ASMP: Class of May

ASMP1

Twice a year, the Australian Services Union host ASU women to participate in the VTHC's Anna Stewart Memorial Program.

The program is an affirmative action program to facilitate increasing women’s understanding and involvement in unions, and is a memorial in honour of Anna Stewart, a prodigious union activist who achieved remarkable advances for women at a time when women’s activism in unions was more difficult.

After Anna’s tragically premature death at the age of 35, her unionist friends determined that the development of a program for women unionists was an appropriate way to honour her memory.

In May, three ASU women - Kath Tuari (Moorbool Shire Council), June Cozens (Brimbank City Council) and Megan Adams (South East water) - were the latest to participate in the ASMP, and we asked them about their experiences during their stay.

June Cozens (Brimbank City Council)

1.  What are some of the positive experiences you’ve taken out of being part of the Anna Stewart Memorial Program?
For me, the Anna Stewart Memorial Program was a whole series of positive experiences from start to finish. In particular, I really enjoyed getting to know ASU Women's Officer Jane Karslake better and meeting all the other Annas and learning a bit about the different sectors they work in. For example, nursing, midwifery, teaching, a Victorian water authority, Jetstar, the National Australia Bank, public transport, Adult Multicultural Educational Services (AMES), and so on.

Union Aid Abroad APHEDA also arranged for one of the Annas to travel from Cambodia to participate in the program and one of the many interesting things that she described to us was how there is a seriously high level of gender inequality in Cambodia, particularly in the workforce.


2.  Were there some things that you saw while in the office that made you more aware of how things are done behind the scenes or perhaps how an Organiser goes about their day-to-day roles?
Going to the Fair Work Commission and other meetings with ASU organisers highlighted the immense amount of pressure organisers are under as they are required to be constantly vigilant during these meetings. They need to continually analyse and assess what is being said at conferences and meetings and I was very impressed with how all the organisers I attended meetings with contributed to the meetings in such intelligent, informed and worthwhile ways. An added pressure is the physical requirement of having to travel across Melbourne, and so on. (I attended a meeting with an organiser in Doncaster and she had to travel to Frankston for another meeting later that day).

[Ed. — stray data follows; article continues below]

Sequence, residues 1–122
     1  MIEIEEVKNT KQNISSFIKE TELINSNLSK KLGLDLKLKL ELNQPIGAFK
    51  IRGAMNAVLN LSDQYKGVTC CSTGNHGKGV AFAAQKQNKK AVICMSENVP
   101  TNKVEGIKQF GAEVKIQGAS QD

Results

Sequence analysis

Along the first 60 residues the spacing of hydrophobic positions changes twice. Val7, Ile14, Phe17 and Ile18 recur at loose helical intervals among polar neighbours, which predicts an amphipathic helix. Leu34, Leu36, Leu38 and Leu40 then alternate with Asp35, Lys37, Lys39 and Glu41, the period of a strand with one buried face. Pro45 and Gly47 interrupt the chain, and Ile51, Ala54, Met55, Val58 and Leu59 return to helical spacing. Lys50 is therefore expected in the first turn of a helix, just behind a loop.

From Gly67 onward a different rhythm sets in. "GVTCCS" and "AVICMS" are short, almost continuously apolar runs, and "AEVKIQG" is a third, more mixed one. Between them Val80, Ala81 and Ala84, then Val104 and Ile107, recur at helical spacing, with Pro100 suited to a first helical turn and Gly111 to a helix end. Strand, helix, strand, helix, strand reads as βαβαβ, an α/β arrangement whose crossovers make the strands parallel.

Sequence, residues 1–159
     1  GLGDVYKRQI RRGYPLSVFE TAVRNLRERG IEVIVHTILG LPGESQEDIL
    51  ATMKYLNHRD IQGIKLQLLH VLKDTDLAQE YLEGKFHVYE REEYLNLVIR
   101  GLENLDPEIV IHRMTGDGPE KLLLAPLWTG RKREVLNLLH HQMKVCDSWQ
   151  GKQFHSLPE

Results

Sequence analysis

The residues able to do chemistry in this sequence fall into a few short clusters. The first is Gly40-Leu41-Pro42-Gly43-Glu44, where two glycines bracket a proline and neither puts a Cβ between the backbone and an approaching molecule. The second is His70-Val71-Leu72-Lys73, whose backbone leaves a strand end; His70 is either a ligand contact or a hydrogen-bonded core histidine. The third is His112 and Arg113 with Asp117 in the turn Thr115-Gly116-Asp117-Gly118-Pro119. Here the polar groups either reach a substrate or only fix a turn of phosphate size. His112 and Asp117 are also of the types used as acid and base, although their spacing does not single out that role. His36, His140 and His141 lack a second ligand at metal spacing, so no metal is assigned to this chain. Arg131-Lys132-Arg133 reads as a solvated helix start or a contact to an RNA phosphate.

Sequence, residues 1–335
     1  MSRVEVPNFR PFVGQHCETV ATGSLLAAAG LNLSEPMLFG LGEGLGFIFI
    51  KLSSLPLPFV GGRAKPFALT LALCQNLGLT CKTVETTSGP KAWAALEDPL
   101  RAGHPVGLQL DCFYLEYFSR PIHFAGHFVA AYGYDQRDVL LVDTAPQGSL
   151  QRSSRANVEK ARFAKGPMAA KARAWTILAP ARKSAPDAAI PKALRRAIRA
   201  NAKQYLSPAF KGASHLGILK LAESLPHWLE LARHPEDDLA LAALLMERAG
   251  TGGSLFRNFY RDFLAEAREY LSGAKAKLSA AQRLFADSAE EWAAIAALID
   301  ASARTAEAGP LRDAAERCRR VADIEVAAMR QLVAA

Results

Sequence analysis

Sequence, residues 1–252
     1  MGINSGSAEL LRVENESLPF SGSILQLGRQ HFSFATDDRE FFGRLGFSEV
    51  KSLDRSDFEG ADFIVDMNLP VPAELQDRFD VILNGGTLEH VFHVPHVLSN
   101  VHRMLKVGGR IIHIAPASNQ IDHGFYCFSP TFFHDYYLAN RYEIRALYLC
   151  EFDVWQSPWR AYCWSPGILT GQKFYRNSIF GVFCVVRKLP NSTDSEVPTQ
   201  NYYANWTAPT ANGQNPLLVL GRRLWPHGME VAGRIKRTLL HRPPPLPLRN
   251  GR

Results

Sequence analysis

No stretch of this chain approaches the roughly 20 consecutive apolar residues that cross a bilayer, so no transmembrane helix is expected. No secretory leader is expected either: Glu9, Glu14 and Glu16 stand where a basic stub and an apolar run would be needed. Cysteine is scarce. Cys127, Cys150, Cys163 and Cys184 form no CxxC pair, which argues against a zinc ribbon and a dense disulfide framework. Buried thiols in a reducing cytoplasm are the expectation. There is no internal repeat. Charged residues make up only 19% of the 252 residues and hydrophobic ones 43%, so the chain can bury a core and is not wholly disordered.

3.  What are some of things you think could be done to further enhance the influence of women within unions?
One of the things I thought was really good about the group of 15 Annas I did the program with was that there were quite a few women in their 20s and early 30s. When I attended a Feminism in the Pub session there were also a lot of young women there listening to ACTU Secretary Sally McManus speak. This made me feel really hopeful about the future of the union movement and I think that unions should support and encourage young women as much as possible to ensure that they continue to be actively involved with unions.

Kath Tuari (Moorbool Shire Council)

1.    What are some of the positive experiences you’ve taken out of being part of the Anna Stewart Memorial Project?
The Gender Violence Action - the coordinated activities to promote a cause was a key highlight of activities at Trades Hall. It encouraged participants to network effectively and work together to achieve desired outcomes.  A positive outcome was empowerment of the women involved given the palpable impact of the protest on Worksafe staff and other workers.  

In addition, there was a real ‘buzz’ experienced by being onsite for the campaign protest at Worksafe.  It was a real hands-on experience that gave the Annas a deeper insight and understanding into the works of Trades Hall, and confidence to be more actively involved in these type of initiatives.

Presenters - Spot on and relevant to the current issues for women. Great insights. Thanks to all at Trades Hall who were involved and assisted with putting the program together.

Workplace visits -  There was a great opportunity to learn from worksite visits and other organisers.  I especially appreciated the time, openness and helpful sharing of information and skills from participating organisers. Emma Bagg was tenacious, genuine and had a refreshing approach, and was good at a picket line BBQ! Billy King was tough, to the point and is one hell of a negotiator. Dave Warmsley is genuine, an all-rounder and a well-appreciated organiser, while Martin McDonald gave a great introduction to Maribyrnong Council and HACC issues. He was friendly, approachable and highly respected.